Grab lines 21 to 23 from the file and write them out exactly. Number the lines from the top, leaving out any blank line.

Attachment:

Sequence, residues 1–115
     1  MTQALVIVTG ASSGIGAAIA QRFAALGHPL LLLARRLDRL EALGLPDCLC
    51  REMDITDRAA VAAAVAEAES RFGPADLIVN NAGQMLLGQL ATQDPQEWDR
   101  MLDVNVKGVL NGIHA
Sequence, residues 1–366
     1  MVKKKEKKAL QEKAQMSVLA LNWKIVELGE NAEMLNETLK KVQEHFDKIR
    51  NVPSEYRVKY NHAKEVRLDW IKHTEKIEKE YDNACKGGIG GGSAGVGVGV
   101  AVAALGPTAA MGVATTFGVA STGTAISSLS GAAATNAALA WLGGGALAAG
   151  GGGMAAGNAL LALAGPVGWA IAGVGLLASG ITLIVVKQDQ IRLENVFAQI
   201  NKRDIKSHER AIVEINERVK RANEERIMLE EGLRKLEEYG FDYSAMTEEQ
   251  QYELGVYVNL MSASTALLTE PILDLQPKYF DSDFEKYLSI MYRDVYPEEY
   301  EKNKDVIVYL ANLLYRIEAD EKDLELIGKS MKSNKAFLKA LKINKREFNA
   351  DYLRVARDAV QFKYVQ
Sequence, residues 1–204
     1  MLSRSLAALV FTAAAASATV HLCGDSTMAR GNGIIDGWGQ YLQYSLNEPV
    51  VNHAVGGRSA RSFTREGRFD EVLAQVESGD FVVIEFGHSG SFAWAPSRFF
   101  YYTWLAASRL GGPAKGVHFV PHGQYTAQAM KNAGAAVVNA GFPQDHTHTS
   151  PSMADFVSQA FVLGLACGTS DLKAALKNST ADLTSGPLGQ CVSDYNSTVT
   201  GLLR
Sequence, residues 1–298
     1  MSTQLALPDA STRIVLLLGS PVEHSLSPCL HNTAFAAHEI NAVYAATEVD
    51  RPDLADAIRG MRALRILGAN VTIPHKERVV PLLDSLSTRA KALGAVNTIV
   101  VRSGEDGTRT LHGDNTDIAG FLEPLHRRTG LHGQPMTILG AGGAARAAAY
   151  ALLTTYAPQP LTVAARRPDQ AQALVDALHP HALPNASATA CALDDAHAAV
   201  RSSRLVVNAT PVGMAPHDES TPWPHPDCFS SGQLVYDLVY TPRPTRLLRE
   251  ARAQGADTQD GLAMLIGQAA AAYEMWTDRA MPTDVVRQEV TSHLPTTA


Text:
     1  MSTQLALPDA STRIVLLLGS PVEHSLSPCL HNTAFAAHEI NAVYAATEVD
    51  RPDLADAIRG MRALRILGAN VTIPHKERVV PLLDSLSTRA KALGAVNTIV
   101  VRSGEDGTRT LHGDNTDIAG FLEPLHRRTG LHGQPMTILG AGGAARAAAY